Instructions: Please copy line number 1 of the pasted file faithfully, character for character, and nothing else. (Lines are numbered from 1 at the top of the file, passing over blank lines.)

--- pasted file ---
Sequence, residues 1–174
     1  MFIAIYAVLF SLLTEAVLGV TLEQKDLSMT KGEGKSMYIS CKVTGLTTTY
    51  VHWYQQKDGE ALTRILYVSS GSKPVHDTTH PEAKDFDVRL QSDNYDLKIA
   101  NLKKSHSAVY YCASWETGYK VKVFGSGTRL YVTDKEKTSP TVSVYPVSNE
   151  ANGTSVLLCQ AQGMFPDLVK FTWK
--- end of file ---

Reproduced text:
Sequence, residues 1–174